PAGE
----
Nishikori Kei didn't win a Slam but he made the Final of the US Open. He beat the best clay courter ever on his best surface. No matter how he did it it was a win. He finished the year ranked fifth in the world. And no one doubts he's due to win a Slam, maybe in 2015. It's going to be interesting to see how he handles going from the hunter to the hunted, and whether his body will withstand the beating it will have to take to stay at the top of the men's game. And he's doing it with a celebrity coach or "super coach" as they're being called now, Michael Chang in his employ. Chang won the French and is an example of what a small man can do when he puts his mind to it. Of course the tennis of his time is not the tennis of today but he seems to be able to prepare his charge for today's physical game. The knock on Asian men in tennis has always been size but do the really big men of the West dominate the sport? Not really. Marin Ćilić, the US Open champion, is the exceptional big man who has won a Slam. The top male players are physical specimens but they're not "big men". John Isner is a big man. So is Milos Raonic. People want these men to do well but right now other than the hit and hit harder mindset they haven't shown themselves to be able to withstand the grind mentally.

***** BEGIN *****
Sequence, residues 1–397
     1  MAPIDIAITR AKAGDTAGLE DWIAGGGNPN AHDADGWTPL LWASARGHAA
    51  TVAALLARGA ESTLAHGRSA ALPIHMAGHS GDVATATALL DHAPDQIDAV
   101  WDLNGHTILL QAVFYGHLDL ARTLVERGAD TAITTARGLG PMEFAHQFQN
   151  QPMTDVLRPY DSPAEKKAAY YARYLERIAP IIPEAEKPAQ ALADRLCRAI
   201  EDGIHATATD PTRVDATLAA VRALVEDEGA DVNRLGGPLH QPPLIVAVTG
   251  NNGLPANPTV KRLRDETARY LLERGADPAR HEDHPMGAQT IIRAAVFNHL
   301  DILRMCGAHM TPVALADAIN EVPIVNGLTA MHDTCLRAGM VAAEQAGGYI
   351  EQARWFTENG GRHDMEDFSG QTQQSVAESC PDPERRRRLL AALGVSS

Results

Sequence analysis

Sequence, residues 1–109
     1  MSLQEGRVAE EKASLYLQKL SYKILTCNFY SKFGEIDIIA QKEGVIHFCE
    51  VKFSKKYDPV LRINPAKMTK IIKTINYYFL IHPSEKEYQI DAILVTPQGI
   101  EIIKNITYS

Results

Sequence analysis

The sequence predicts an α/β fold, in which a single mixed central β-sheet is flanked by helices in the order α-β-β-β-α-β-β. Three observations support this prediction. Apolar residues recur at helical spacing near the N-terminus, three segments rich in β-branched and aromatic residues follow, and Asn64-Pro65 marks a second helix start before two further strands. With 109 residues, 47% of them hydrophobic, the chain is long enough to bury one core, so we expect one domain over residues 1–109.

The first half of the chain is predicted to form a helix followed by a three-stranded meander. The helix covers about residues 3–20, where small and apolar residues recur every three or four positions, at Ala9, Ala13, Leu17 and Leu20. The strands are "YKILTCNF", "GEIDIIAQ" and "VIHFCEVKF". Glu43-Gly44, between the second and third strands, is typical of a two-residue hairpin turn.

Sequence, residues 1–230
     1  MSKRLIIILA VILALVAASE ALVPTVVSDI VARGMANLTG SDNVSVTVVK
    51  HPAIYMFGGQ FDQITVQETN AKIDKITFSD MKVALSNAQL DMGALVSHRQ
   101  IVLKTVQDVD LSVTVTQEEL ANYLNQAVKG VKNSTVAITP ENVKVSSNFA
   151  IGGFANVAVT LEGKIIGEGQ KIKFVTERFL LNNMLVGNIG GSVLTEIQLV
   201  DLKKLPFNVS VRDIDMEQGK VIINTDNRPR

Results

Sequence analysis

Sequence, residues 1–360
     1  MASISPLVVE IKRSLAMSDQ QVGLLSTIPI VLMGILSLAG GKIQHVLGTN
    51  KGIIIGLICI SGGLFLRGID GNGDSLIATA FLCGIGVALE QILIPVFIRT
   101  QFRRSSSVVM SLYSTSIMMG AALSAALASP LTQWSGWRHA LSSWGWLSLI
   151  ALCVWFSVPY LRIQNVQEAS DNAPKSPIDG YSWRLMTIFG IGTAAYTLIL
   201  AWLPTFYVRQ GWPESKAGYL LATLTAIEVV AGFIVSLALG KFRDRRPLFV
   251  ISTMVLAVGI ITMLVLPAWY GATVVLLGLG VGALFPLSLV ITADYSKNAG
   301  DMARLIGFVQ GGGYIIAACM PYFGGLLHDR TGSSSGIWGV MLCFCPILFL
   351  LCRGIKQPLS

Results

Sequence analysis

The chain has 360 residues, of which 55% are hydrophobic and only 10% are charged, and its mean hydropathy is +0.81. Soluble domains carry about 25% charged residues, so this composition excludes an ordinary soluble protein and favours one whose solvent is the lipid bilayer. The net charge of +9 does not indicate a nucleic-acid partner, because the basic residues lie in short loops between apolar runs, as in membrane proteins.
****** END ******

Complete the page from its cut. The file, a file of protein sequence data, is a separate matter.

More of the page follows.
But I digress. I think Nishikori is the ATP Player of the Year, Slam or no Slam. I'm sure there are those who will pick someone else, someone who has won a Slam, or holds the top ranking, or is considered a demigod. This was a transition year. And the man who is poised to take advantage of this time is Nishikori. I say this not as a big fan of his, I'm not, but it is what it is. Now it's Nishikori's turn to prove that 2014 was not a fluke, that he's ready to step up.